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Dolls of Bengal – GetBengal story

8 June, 2024 10:20:43
Dolls of Bengal – GetBengal story

Bengal has never ascribed to the idea of dolls being nothing but playthings for children. Dolls have always been culturally and traditionally important to the people of this land. In every district of Bengal, there is a tradition of making dolls that has been passed down from generation to generation. So long and rich is the history that it can no longer be accurately traced, especially with the sheer number and variety of dolls that are made here.

But let us talk about a few iconic dolls that have survived the clutches of modernization and have been preserved by passionate craftsmen who refuse to let their art die. 

Clay Dolls
There is a vast array of clay dolls that are easily accessible throughout the state of Bengal. From soft clay to burnt clay dolls, these handcrafted dolls are either baked or sun-dried, then painted a variety of colours. Herbal colours have been replaced with azo dyes, but the folk aesthetic is still present. Traditionally, potters in Panchmura (Bankura), Kunoor (North Dinajpur), and Kanthalia (Murshidabad) have made dolls using the wheel and the kiln oven. But with the development of technology and shifting lifestyles, changes have been introduced in the doll-making industry. The potter's wheel has been superseded by moulds as they expedite the process. The hands and legs are later attached to the body.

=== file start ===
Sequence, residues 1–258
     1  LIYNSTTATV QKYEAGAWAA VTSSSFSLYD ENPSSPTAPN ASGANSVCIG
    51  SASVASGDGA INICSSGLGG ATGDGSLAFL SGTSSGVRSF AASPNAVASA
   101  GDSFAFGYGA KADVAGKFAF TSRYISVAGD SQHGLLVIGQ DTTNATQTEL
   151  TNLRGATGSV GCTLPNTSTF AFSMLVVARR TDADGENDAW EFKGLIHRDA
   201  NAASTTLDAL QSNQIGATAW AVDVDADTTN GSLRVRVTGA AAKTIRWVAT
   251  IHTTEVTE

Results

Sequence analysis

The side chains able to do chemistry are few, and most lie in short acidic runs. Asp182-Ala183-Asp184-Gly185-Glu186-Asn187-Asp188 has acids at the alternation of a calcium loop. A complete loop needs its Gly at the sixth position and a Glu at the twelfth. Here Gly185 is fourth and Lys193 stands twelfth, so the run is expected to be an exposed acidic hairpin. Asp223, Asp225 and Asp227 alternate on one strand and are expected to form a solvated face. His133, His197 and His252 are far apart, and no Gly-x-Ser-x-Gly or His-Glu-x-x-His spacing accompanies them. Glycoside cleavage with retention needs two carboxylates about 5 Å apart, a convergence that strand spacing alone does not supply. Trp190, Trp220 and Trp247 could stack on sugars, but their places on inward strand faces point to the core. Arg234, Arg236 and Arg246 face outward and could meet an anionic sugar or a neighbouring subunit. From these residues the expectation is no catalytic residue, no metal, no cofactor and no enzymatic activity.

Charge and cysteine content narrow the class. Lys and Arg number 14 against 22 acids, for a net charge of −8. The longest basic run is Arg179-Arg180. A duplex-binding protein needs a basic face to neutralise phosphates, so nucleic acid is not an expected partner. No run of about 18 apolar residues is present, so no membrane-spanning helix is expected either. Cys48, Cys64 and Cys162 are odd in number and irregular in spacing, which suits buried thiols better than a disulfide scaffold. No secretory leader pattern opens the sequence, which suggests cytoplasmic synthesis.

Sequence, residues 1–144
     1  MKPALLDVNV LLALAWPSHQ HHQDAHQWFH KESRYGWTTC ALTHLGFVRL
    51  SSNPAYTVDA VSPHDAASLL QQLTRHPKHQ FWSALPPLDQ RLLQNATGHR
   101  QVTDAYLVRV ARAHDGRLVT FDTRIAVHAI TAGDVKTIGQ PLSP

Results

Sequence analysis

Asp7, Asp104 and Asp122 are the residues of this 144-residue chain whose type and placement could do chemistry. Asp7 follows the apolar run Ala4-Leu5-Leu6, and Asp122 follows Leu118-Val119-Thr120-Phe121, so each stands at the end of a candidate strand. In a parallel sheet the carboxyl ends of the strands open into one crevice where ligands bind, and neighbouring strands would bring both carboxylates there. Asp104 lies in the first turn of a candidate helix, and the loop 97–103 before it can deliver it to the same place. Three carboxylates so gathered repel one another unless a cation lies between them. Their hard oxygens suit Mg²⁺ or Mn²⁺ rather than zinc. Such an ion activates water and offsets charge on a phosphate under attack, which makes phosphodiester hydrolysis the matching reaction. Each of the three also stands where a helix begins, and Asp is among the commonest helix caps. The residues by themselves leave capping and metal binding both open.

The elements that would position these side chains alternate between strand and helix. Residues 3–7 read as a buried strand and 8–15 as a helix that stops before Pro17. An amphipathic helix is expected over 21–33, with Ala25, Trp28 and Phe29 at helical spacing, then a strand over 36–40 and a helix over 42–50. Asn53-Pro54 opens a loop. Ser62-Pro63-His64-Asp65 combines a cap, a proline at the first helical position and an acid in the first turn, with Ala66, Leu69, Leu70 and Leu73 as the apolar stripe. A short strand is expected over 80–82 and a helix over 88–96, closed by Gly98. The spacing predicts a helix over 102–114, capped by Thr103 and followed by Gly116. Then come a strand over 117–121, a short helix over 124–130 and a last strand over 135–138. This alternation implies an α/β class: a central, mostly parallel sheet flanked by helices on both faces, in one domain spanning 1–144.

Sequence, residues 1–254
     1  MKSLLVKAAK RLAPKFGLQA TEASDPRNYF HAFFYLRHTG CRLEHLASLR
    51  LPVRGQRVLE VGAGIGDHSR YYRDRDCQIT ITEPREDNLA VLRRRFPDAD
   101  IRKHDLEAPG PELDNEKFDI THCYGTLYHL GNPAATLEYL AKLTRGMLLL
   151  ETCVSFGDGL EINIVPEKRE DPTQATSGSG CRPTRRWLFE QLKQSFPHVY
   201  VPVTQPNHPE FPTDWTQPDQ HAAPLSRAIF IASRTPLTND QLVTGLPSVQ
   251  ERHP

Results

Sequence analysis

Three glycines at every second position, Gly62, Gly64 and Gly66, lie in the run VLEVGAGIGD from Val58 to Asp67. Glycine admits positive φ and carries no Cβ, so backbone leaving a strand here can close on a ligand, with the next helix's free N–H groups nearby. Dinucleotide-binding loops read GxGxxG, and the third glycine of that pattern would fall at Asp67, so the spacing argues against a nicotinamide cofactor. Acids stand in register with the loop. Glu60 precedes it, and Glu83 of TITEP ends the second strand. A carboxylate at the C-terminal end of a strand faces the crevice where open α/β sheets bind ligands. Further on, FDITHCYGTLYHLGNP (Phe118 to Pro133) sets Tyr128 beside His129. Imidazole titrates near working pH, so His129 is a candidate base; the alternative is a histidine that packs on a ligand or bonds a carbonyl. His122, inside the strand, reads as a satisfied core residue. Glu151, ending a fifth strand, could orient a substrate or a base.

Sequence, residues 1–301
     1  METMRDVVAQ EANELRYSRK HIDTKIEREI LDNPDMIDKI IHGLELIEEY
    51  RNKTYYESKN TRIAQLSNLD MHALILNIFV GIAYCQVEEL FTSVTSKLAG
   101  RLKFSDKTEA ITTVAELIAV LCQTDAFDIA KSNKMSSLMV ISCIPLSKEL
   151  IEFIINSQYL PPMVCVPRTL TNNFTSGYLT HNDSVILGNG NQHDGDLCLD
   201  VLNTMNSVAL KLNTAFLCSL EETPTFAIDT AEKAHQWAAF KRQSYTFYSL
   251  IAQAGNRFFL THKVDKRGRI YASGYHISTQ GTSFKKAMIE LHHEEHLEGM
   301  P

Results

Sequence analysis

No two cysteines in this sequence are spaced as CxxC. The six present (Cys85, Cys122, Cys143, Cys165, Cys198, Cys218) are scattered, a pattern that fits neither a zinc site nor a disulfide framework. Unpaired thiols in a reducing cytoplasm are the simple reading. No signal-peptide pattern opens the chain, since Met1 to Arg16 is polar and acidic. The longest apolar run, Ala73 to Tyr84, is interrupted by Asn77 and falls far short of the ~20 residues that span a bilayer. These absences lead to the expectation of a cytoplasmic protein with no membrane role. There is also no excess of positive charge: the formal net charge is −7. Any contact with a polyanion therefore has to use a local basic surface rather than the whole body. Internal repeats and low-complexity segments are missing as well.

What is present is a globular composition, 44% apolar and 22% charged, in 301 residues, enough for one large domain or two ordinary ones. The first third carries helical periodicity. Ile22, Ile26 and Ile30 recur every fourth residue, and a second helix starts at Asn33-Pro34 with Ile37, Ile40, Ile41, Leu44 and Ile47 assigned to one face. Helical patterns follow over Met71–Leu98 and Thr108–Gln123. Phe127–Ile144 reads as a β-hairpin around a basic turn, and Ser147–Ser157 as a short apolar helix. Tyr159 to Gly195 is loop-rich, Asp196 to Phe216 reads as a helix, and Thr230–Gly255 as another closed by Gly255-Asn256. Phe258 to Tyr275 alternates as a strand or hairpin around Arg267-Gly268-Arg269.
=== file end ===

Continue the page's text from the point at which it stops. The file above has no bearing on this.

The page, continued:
Terracotta Dolls
Terracotta dolls are the oldest craft in the world, with relics found in ancient ruins like the Indus Valley and Mesopotamian civilization. Unique terracotta creations from the town of Bishnupur in Bengal are pioneers in terracotta handicrafts. The Bankura horses have a long history and tradition and are used during religious ceremonies. Nowadays, it has become a popular item for decor with its rustic charm and unique look. 

Mojilpur Dolls
The Mojilpur clay dolls, from the district of South 24 Parganas in rural Bengal, are presently manufactured single-handedly by Sambhu Das, the grandson of legendary doll-making artist Manmatha Das, who was the original creator of these dolls. The ancestors of the Das family had migrated to Bengal from Jessore (a district in the south-west region of Bangladesh) several years ago. Shambhu Das is struggling to keep this traditional art form from going extinct. Manmatha Das was honoured with the prestigious President’s Award in the year 1986 for his magnificent creations, namely Jagannath, Balaram, and Subhadra

Rani Putul
The Queen doll, or ‘Rani Putul’ of Howrah, is a beautiful reflection of one of the most popular handicrafts of Bengal. It has a very simple and rustic folklore appeal. Made by using two-faced wooden dice, the dolls are moulded from mud and then put in kilns for drying. Some collectors are of the opinion that this doll is a representation of Queen Victoria of England. A dying art, however, not all is lost due to the passionate effort of a few artisan families, of whom Dibakar Pal of Howrah district is one of the most prominent artisans. He still diligently continues the legacy of his forefathers. These dolls are sold at various rural fairs in Howrah, Hooghly, and a few other surrounding districts, where they are quite popular.